Diagnosis:

Your doctor will start off with a thorough clinical examination to look for any other injuries, and to ensure that there is no damage to any of the nerves and blood vessels around your shoulder.

Investigations: 

An X-ray is necessary to confirm the fracture, and to check the pattern of the fracture. It will also help assess other injuries like dislocation of the joints and fractures of other bones (e.g. the joint between the collarbone and the shoulder blade).

Shoulder Fracture Treatment:

We strongly advise you to seek immediate medical attention if you suspect a fracture around your shoulder. The goal of treatment is to restore normal function of the shoulder joint – which means painless movement of the shoulder once the fracture heals. This usually takes 2-3 months. Generally speaking, these fractures can be treated in one of the two following methods:

  1. Conservative treatment:  a brief period of rest, followed by closely supervised physiotherapy. Fortunately, the majority of collarbone fractures can be treated this way.
  2. Operative treatment: Surgery is followed by physiotherapy and rehabilitation. Surgery is required rarely, depending on the fracture pattern (severe displacement, shortening), damage to overlying skin, injury to nerves and vessels, or patient requirement.

Please speak to a shoulder specialist to know which type of treatment will be best for you. There are pros and cons to both conservative and operative treatment, and the ideal treatment is individualised as per the patient. 

Scapula and Glenoid Fractures

These are fractures of the shoulder blade (the “scapula”). The socket of the shoulder is called the “glenoid”. This is also a part of the shoulder blade. It can also be involved in a fracture.

Causes: 

These fractures are fortunately not very common. They occur in younger patients after severe injury – for example, road traffic accidents.

Symptoms

  1. There will be severe pain around the shoulder immediately after the injury. Any movement of the arm will cause the pain to worsen.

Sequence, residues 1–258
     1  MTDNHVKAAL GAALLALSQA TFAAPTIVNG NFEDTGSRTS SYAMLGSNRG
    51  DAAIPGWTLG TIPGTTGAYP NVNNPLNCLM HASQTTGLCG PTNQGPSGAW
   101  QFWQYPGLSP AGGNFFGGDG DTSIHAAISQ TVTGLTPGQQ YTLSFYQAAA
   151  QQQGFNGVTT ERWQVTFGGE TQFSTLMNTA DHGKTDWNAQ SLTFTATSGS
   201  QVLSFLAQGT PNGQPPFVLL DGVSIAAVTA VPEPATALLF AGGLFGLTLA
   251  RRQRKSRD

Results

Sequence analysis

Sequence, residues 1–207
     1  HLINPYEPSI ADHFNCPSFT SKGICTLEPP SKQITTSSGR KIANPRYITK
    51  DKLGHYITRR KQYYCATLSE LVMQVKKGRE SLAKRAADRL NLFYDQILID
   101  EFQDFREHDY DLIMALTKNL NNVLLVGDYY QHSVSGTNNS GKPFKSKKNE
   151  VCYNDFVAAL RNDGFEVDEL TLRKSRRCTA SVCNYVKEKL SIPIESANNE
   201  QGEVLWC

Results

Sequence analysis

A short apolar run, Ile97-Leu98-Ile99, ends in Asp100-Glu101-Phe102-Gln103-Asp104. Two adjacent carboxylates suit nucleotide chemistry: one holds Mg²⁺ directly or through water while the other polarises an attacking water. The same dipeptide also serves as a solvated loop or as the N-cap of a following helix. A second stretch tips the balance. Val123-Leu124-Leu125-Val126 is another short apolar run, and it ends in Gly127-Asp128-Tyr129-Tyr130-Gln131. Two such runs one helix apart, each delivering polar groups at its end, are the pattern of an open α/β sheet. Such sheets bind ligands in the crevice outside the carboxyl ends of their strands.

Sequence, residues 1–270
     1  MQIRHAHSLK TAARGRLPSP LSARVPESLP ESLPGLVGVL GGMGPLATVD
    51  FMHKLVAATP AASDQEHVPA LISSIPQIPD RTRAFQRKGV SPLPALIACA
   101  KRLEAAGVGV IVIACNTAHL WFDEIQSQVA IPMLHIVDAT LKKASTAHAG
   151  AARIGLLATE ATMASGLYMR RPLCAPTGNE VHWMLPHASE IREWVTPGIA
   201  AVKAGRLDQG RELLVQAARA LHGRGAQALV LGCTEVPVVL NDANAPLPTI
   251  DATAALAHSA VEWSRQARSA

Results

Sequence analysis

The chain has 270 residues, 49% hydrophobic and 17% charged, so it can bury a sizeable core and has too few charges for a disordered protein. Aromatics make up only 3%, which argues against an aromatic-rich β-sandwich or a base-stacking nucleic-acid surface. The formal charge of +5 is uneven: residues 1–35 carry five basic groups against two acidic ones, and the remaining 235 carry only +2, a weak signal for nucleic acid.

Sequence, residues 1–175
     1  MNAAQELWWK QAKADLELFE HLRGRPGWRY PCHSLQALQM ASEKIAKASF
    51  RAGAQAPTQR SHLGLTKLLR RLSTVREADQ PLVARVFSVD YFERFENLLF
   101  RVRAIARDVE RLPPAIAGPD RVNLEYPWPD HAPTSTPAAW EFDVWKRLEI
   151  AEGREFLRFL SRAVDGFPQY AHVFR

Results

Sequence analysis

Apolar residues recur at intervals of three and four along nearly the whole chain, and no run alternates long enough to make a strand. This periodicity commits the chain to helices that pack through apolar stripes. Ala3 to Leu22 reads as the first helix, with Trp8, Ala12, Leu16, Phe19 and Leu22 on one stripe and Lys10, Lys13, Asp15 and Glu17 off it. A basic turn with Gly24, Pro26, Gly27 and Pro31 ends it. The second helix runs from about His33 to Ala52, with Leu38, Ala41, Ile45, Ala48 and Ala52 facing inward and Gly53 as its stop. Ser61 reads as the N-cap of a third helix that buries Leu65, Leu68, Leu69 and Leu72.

2. The shape of the shoulder may look different, especially when you compare it with the normal side. There may be swelling around the shoulder. 
  3. There may be extensive bruising and discolouration of the arm and around the elbow.
  4. In severe injury, there may be injury to the nerves and blood vessels 

Diagnosis:

Your doctor will start off with a thorough clinical examination to look for any other injuries, and to ensure that there is no damage to any of the nerves and blood vessels around your shoulder.

Investigations: 

An X-ray is necessary to confirm the fracture, and to check the pattern of the fracture. It will also help assess other injuries like dislocation of the joints and fractures of other bones (e.g. the collar bone).

Your Orthopaedic surgeon might also recommend a CT scan to get a detailed image of the fracture.  

Treatment:

We strongly advise you to seek immediate medical attention if you suspect a fracture of your shoulder. The goal of treatment is to restore normal function of the shoulder joint – which means painless movement of the shoulder once the fracture heals. This usually takes 2-3 months. Generally speaking, these fractures can be treated in one of the two following methods:

  1. Conservative treatment: The majority of scapula fractures can be treated this way. It involves a brief period of rest, followed by closely supervised physiotherapy. 
  2. Operative treatment: Surgery is needed if the scapula or the glenoid fracture is not in good position. Surgery is followed by physiotherapy and rehabilitation to improve movement and regain strength. 

Please speak to a shoulder specialist to know which type of treatment will be best for you. There are pros and cons to both conservative and operative treatment, and the ideal Shoulder Fracture Treatment is individualised as per the patient. 

Looking to learn more about Sports InjuryShoulder Arthritis, Shoulder Dislocations, Frozen Shoulder, Subacromial Impingement, Rotator Cuff Tears . Take a look at our Patient education guide

Book An Appointment

Visit The Shoulder Centre Here